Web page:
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Circulating adenosine increases during human experimental endotoxemia but blockade of its receptor does not influence the immune response and subsequent organ injury
Critical Care volume 15, Article number: R3 (2011)
Preclinical studies have shown that the endogenous nucleoside adenosine prevents excessive tissue injury during systemic inflammation. We aimed to study whether endogenous adenosine also limits tissue injury in a human in vivo model of systemic inflammation. In addition, we studied whether subjects with the common 34C > T nonsense variant (rs17602729) of adenosine monophosphate deaminase (AMPD1), which predicts increased adenosine formation, have less inflammation-induced injury.
In a randomized double-blinded design, healthy male volunteers received 2 ng/kg E. Coli LPS intravenously with (n = 10) or without (n = 10) pretreatment with the adenosine receptor antagonist caffeine (4 mg/kg body weight). In addition, lipopolysaccharide (LPS) was administered to 10 subjects heterozygous for the AMPD1 34C > T variant.
The increase in adenosine levels tended to be more pronounced in the subjects heterozygous for the AMPD1 34C > T variant (71 ± 22%, P=0.04), compared to placebo- (59 ± 29%, P=0.012) and caffeine-treated (53 ± 47%, P=0.29) subjects, but this difference between groups did not reach statistical significance. Also the LPS-induced increase in circulating cytokines was similar in the LPS-placebo, LPS-caffeine and LPS-AMPD1-groups. Endotoxemia resulted in an increase in circulating plasma markers of endothelial activation [intercellular adhesion molecule (ICAM) and vascular cell adhesion molecule (VCAM)], and in subclinical renal injury, measured by increased urinary excretion of tubular injury markers. The LPS-induced increase of these markers did not differ between the three groups.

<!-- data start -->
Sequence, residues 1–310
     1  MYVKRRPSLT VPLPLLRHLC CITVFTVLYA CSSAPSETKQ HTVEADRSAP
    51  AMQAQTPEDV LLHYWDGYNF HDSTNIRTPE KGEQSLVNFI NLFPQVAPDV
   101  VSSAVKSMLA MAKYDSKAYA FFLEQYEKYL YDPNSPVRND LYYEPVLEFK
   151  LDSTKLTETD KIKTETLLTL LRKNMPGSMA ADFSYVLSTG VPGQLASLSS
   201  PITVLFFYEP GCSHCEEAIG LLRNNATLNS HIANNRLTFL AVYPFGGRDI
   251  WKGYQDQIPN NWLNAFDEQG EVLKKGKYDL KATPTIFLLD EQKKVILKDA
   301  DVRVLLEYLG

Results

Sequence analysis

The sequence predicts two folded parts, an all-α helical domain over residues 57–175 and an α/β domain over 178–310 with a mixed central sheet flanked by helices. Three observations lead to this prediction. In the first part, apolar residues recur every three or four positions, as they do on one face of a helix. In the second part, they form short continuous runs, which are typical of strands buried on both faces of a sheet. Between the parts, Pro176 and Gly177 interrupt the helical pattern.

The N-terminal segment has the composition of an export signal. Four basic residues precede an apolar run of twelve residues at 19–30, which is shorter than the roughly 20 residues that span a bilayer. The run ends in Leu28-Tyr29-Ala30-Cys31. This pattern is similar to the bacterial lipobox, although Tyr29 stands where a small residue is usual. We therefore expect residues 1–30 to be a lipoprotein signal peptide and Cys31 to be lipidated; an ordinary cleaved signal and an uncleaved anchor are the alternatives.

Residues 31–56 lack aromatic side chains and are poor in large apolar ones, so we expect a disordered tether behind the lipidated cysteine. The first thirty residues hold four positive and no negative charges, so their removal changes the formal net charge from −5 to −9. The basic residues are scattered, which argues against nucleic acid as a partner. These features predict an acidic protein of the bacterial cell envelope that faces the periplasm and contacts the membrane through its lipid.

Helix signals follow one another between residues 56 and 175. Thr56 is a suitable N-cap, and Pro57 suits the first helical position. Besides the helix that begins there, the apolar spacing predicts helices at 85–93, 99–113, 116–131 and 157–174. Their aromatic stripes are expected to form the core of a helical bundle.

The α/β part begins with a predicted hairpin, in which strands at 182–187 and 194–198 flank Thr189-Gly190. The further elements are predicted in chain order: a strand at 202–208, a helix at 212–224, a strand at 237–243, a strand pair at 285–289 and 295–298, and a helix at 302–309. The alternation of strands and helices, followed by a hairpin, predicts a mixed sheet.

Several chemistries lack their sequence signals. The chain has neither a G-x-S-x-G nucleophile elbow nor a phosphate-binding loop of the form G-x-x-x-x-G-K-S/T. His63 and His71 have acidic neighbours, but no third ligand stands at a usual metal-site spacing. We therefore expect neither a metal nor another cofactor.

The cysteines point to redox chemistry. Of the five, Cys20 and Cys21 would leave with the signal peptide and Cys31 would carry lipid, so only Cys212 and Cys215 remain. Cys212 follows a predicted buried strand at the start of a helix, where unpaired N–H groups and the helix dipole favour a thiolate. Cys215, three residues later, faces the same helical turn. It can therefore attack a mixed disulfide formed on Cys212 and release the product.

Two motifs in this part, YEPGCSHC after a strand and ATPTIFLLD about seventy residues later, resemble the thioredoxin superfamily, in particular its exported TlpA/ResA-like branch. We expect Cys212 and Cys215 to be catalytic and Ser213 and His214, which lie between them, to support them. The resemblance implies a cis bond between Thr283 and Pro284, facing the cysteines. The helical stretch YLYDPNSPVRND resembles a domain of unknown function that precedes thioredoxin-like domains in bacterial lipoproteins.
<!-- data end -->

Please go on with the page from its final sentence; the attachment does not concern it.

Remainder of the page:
Human experimental endotoxemia induces an increase in circulating cytokine levels and subclinical endothelial and renal injury. Although the plasma adenosine concentration is elevated during systemic inflammation, co-administration of caffeine or the presence of the 34C > T variant of AMPD1 does not affect the observed subclinical organ damage, suggesting that adenosine does not affect the inflammatory response and subclinical endothelial and renal injury during human experimental endotoxemia.
ClinicalTrials (NCT): NCT00513110.
Sepsis, the systemic inflammatory response syndrome that occurs during infection, is associated with considerable morbidity and mortality in non-cardiac intensive care units . During sepsis, the initial inflammatory response can be overwhelming, leading to significant collateral damage to normal tissues.